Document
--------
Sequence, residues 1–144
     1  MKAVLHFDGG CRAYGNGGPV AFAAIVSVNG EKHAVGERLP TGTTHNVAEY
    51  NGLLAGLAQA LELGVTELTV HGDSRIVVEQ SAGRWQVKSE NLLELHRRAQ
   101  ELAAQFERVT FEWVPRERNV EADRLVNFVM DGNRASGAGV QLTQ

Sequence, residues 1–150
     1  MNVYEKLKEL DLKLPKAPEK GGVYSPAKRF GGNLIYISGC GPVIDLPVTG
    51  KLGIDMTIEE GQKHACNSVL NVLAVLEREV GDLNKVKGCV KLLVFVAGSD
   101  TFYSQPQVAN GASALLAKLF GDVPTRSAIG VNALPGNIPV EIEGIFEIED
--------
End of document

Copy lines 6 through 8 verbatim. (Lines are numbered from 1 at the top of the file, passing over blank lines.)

     1  MNVYEKLKEL DLKLPKAPEK GGVYSPAKRF GGNLIYISGC GPVIDLPVTG
    51  KLGIDMTIEE GQKHACNSVL NVLAVLEREV GDLNKVKGCV KLLVFVAGSD
   101  TFYSQPQVAN GASALLAKLF GDVPTRSAIG VNALPGNIPV EIEGIFEIED